Andy Smith
MIne-action specialist
 

Mined area Indicators – Kurdistan / Iraq

 

An HMA training resource

The materials in this page are intended to augment MRE resources for copyright free use in Kurdistan and Iraq. This is not a comprehensive resource. It has been produced to augment my earlier resources that are in use in Iraq despite being singularly inappropriate

This training resource is available inseparate picture files below or as a 3.1 megabyte PDF for A3 printing
or a 2.4 megabyte PDF for A4 printing.

All pictures can be used without restriction (other than acknowledgement) except
when such reproduction is for use in any printed or electronic media that is offered for sale.

  thumbnails of the pages

The pages available at this time .

In areas where mines have been used or battles have taken place, there are usually signs that the area is dangerous even when nothing is immediately visible.  Some indicatorss – like barbed wire defences and destroyed vehicles – should be obvious, but many are harder to see and may not be recognised without special training.  All of these signs are known as `indicators' and include a range of devices as well as their components or packaging that may be found where various mines and ERW were used.

These images have been prepared as a minor training resource for mine action programs. Used within an existing structured training program, this material is intended to enhance people's ability to recognise danger areas among the scenes and situations that they encounter every day.

These materials are intended for use at two levels:

  • For local people or visitors as part of general mine awareness training.
  • In greater depth for deminers and minefield survey teams.

Whilst every effort has been made to ensure the accuracy of the content, Andy Smith has no control over the way that it will be used, and therefore cannot accept liability for any loss arising from use of this material.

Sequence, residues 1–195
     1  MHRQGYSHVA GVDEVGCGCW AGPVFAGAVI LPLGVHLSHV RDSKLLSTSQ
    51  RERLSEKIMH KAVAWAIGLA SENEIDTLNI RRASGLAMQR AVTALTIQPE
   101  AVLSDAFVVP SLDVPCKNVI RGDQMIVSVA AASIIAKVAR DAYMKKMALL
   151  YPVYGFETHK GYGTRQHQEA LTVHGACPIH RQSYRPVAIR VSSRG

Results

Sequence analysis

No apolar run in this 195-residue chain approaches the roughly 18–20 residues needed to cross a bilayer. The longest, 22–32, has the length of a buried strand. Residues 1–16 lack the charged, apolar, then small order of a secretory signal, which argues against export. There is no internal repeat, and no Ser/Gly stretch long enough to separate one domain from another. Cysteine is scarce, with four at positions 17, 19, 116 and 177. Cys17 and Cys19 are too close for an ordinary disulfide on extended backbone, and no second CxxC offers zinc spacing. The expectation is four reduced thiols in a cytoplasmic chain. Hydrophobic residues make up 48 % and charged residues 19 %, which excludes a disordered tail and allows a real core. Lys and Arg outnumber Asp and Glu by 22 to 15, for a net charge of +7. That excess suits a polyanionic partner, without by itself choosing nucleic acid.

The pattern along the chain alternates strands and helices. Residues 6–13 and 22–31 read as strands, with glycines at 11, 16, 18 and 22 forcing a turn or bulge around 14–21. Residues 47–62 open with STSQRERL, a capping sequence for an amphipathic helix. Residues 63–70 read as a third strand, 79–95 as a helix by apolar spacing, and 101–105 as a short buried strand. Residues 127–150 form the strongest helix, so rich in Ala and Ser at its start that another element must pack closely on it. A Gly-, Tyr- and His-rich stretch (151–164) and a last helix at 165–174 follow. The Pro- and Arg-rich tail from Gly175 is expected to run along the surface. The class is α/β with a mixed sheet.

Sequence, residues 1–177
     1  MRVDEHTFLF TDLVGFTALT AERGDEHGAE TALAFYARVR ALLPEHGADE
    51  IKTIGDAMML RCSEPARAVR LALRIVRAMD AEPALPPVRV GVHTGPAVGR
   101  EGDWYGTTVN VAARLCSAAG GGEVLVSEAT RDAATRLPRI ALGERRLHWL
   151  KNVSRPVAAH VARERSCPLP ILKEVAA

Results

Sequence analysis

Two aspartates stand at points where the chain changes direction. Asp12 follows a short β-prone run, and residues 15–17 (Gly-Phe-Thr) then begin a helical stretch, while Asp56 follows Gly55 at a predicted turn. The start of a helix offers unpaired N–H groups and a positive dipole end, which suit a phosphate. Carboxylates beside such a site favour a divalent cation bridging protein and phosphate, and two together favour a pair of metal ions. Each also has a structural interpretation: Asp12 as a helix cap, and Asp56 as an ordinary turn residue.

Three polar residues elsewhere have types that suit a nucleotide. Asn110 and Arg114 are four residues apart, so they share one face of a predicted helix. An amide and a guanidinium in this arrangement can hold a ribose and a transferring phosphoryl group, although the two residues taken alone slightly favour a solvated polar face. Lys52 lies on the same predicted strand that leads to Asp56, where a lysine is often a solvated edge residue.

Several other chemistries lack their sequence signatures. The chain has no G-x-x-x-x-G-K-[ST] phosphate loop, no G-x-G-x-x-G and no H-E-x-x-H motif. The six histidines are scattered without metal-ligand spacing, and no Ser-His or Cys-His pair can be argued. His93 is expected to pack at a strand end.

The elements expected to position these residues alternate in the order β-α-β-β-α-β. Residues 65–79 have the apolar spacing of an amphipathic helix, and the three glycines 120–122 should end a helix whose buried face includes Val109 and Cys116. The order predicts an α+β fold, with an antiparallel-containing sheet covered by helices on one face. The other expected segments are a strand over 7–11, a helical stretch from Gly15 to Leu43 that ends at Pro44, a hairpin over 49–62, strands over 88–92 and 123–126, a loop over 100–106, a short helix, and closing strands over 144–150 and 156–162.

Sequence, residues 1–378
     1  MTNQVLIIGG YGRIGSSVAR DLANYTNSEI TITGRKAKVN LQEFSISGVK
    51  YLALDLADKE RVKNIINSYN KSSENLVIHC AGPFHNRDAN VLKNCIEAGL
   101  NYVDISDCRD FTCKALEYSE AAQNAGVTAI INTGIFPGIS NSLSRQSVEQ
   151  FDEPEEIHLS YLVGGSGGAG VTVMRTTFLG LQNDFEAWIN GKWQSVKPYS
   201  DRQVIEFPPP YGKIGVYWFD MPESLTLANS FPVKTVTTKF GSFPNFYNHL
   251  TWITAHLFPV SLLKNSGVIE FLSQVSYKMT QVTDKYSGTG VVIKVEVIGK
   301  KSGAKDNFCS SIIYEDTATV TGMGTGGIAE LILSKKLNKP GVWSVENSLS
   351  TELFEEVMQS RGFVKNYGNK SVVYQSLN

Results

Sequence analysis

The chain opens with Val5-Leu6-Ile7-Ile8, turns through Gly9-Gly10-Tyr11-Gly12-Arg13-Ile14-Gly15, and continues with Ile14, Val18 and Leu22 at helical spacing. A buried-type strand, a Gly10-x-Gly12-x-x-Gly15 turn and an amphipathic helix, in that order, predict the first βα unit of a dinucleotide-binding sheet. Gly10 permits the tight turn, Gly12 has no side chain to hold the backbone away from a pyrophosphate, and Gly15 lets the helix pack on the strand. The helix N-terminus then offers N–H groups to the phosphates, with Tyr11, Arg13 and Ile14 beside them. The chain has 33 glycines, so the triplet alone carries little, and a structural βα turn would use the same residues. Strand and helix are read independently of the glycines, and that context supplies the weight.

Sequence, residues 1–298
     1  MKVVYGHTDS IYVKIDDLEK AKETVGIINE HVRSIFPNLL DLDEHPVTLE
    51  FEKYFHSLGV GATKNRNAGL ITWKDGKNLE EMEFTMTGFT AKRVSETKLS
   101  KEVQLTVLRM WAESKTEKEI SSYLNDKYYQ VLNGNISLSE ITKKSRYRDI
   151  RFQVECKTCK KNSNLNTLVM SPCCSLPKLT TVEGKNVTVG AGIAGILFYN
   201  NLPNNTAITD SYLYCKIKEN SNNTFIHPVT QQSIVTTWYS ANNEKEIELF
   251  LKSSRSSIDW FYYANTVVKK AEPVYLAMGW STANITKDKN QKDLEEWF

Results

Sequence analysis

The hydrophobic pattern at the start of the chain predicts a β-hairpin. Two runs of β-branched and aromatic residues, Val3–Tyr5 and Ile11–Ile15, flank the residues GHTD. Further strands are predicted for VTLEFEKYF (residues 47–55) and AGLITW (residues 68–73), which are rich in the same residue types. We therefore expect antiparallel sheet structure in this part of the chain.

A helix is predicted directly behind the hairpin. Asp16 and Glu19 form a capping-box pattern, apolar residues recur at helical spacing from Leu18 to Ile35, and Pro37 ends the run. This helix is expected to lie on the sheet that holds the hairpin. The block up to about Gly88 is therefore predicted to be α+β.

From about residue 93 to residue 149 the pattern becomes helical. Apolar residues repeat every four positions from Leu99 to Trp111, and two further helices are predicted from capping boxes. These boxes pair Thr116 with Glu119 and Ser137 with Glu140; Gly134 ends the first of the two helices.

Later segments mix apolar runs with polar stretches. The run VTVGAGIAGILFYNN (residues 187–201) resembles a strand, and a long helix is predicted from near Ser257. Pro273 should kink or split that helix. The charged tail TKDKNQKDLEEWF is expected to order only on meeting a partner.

There are no restrictions on reproducing this material for Humanitarian (not for direct profit) use.

The Valmara minefield shows a Kurdish hillside covred in dry grass. A Valmara 69 bounding fragmentation mine can be seen with the tripwire stake attached to the next mine on the row. The colour of the mine and the dusty conditions mean that although the mine is clearly visible, it is very hard to spot.

The Defensive Trench shows a deep trench running over a hillside. There is barbed wire in the trench and also mines. The mines could have been placed when the trench was abandoned but in this case local people have moved mines into the trench to prevent them injuring their livestock. A Valmara 69 fragmentation mine can be seen in the trench. Often the sides of trenches collapse and any mines and ERW in them cannot be seen.

The PMN minefield shows an area where new grass is sprouting after rain. Some PMN mines are visible, but there are more than can readily be seen.

The BLU-97 strike shows the impact of a cluster bomb that was dropped from too low a height and so hit the ground intact. Damaged BLU-97 submunitions are scattered around. The remains of the cluster bomb itself were valuable and have already been scavenged for scrap - despite the dangers involved in doing so. The BLU-97 submunitions hthat were inside the Cluster bomb ave a high explosive charge, a fragmentation jacket, a zirconium incentiary and an armour piercing shaped charge. They frequently kill those interacting with them.


 

Valmara minefield
page file 1
page file 2

 

Defensive trench
page file 1
page file 2

 

PMN minefield
page file 1
page file 2

 

BLU-97 Strike
page file 1
page file 2

 

 

Various ordnance
page file 1